Recently I was asked who I was inspired by currently in the TV writing world and when would I start another spec script or original script… (anxiety rising). When I replied with -series executive producer, Aaron Korsh of TV show Suits, I was met with perplexed expressions by the group. They were met with me mirroring their confused expressions. I opened my mouth and said “…for me he hits the bliss point. He is almost kaleidoscopic in his approach to writing”.
More blank expressions and dull eyes, my panic rising.
“Oh shit – can you even use that to describe someone? I sound stupid right? ” A quick iPhone fumble and google to check that I used the word in a correct manner…did I? Did I? Panic stations are go…refresh, refresh.
Kaleidoscopic: Definition: continually shifting or rapidly changing.
Phew! That’s EXACTLY what I meant. Not that I feel I should justify it but look, if nothing else, it will get me writing for today and it’s always nice to share and express admiration.
I immediately started to back away. My mind was racing with thoughts of “..um these people don’t watch Suits? We work in TV fuck me?! They don’t know who Aaron Korsh is? They asked me a question and weren’t expecting an informed answer? They didn’t even want to know what the bliss point was…”
The Bliss point – a really cool food theory that applies to many topics: bliss point (food) In the formulation of food products, the bliss point is the amount of an ingredient such as salt, sugar, or fat which optimises palatability.
It’s the perfect amount that leaves you wanting more. For me thats what Korsh does – he gets that balance of characters and story just right consistently.
The truth is I love so many of the varied and talented pool of individuals out there at the moment .I love great writing and the teams at The Leftovers and The Affair but the reason I like Aaron Korsh is multifaceted.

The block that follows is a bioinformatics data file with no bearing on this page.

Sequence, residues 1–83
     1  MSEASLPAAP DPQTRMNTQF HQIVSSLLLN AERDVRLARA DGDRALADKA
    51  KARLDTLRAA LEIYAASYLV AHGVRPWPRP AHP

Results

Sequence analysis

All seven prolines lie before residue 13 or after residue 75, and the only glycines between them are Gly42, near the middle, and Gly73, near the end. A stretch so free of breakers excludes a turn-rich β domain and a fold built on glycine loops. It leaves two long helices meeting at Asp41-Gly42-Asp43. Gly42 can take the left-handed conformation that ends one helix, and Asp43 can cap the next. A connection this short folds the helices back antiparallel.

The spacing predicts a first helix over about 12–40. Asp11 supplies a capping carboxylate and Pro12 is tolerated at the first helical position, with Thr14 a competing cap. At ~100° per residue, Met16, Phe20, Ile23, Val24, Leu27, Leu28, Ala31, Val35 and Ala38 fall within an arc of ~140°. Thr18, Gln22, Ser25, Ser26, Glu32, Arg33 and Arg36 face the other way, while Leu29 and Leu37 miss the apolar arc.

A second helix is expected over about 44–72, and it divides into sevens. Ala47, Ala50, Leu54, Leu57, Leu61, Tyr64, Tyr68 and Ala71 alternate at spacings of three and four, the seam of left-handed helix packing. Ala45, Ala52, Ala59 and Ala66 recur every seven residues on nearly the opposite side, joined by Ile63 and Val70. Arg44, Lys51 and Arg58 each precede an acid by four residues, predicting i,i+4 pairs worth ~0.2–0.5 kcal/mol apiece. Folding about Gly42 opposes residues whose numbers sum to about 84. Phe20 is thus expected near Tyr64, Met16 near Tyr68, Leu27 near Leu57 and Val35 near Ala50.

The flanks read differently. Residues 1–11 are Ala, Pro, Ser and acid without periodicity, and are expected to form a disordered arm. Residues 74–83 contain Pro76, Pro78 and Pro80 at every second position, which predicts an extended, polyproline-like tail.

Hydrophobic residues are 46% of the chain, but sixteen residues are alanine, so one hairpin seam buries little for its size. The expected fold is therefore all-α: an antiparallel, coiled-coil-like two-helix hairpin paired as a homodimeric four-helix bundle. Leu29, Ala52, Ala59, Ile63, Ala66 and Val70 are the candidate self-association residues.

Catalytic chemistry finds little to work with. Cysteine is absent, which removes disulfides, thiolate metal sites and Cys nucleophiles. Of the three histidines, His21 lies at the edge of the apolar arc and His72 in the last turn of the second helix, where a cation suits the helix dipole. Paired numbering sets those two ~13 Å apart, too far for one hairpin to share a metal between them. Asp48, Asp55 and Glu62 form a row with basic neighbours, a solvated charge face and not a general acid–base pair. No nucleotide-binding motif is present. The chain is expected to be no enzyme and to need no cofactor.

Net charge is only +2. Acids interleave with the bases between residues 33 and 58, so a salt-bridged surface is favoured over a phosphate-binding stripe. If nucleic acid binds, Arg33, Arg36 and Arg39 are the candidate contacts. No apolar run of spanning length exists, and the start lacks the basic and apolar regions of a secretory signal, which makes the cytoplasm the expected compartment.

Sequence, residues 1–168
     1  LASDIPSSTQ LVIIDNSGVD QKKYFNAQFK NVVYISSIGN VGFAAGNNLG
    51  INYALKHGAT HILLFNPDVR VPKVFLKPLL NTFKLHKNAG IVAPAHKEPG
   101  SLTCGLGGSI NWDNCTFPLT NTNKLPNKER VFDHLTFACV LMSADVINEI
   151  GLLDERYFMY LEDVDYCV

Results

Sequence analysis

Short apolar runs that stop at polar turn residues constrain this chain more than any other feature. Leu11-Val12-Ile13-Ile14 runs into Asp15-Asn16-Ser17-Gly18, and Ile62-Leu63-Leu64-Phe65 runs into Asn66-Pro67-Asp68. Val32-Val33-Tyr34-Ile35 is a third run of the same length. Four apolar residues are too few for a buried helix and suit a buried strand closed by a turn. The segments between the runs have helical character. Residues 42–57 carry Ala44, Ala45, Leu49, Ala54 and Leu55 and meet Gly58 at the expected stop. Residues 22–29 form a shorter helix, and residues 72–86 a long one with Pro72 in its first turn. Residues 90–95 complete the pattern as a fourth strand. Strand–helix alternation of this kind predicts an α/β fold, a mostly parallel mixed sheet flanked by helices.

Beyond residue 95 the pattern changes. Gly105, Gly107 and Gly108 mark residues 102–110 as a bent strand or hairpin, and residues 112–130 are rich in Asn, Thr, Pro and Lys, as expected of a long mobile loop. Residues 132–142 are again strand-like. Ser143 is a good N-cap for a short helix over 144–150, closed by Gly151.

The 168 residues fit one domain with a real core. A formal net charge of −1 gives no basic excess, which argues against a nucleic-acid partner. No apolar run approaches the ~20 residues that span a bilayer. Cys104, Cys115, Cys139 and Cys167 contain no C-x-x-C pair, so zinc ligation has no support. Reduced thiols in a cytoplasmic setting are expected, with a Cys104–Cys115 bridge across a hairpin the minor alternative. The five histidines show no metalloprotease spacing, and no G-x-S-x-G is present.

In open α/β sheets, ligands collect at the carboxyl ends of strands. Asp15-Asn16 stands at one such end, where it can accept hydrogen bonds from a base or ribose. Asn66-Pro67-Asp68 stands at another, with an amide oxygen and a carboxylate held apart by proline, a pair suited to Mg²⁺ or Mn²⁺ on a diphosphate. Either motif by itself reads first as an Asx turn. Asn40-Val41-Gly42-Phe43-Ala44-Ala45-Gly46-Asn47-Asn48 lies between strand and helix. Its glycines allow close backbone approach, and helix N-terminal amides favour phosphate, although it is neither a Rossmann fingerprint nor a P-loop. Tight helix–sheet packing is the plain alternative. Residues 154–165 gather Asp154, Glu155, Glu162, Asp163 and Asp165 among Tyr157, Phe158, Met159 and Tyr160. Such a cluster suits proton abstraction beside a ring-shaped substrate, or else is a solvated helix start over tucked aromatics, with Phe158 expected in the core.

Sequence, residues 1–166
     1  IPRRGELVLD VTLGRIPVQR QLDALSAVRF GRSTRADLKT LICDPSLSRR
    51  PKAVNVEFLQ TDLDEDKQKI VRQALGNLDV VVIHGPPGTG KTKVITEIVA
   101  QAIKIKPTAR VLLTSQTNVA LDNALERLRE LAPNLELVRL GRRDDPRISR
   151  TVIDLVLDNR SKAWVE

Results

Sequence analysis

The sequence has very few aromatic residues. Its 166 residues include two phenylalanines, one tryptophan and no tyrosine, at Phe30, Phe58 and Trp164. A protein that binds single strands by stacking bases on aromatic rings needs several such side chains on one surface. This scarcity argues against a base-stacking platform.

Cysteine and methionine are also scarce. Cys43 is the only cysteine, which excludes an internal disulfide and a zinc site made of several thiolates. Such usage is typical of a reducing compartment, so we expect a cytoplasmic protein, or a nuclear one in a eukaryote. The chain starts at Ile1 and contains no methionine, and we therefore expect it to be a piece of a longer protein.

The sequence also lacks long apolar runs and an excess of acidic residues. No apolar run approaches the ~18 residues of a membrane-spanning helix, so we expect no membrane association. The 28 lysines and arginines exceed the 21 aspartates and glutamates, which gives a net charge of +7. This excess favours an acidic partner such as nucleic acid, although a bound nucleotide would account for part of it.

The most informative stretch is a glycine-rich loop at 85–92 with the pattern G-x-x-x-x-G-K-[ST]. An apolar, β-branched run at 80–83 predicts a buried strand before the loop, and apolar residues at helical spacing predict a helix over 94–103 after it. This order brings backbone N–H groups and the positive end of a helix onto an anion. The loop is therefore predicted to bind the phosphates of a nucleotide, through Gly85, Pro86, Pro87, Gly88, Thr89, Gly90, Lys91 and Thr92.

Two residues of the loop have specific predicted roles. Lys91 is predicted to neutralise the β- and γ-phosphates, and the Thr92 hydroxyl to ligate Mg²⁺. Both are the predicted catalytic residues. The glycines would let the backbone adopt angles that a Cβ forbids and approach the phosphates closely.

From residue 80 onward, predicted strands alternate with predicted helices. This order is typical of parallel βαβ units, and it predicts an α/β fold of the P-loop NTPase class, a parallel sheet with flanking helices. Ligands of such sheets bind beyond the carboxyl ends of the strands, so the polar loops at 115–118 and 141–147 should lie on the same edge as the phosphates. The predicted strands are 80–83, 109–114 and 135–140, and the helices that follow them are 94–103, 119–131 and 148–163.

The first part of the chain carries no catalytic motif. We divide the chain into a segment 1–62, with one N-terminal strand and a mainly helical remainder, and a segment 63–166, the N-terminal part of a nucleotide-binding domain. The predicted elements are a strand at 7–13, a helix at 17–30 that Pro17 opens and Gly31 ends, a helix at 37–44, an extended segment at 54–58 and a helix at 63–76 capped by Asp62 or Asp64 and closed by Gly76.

Firstly, his pop culture references really tickle me. I love how they are sprinkled throughout the seasons. If you have elements of geek in you then this really will float your boat. It’s the personal elements that you include in your writing that give it an authentic voice and presence. I can only hope my future scripts can find this distinctive voice that is my own. I have fought to keep those little nuances in there for originality – maybe when I am a more established writer they will get to stay in there!
The Dead Poets Society reference is probably my most favourite to date – and you know what, it really works within the legal context:
Louis: So I would like to leave you with the immortal sentiment of Robin Williams. There have been other associates before you. They believed they were destined for great things, just like you. If you just listen, you can hear them whisper their legacy to you. “Carpe diem.” Seize the day, people. Make your legal lives extraordinary.
Mike: O Captain, my Captain
I also appreciate Korsh’s adaptability. I read that when he was working on this idea he envisioned it as more of the Entourage of Wall Street and then once started the project significantly changed and resulted in what we currently see on screen. There’s something to be said about flexibility and trusting where the writing takes you. He doesn’t strike me as the sort of writer to back away from a challenge or someone who shies away from constantly having to rework a script until it gets the tone right. Some episodes have to be a bombardment of chaos. Everything has to go upside down – it generates the unpacking and set up of the season. That’s why the dramatic tension of Suits in season 5 is going to be fantastic to watch unfold.
Another point – you can always tell when a writer and team are invested in their characters too by the relationship they have off screen… you can’t fake this stuff people.
That type of chemistry and trust between actors and the writing team is hard to perfect but when it happens, the result is a TV show like Suits in its 5th season and still maintaining its audience with super amounts of momentum.
So yeah, Aaron Korsh is still my answer – he takes risks with his writing/characters and gives me the courage to keep taking them in my writing.
I leave you with this quote from him on the recent story line…
“You have to do episodes like this once in a while to give more meaning, more depth, more everything to your characters. It was just time to do this. The episode Mike gets caught and the episode where Harvey leaves — that’s gotta be a massive episode. [The flashbacks] just felt like a good way to make it feel massive.”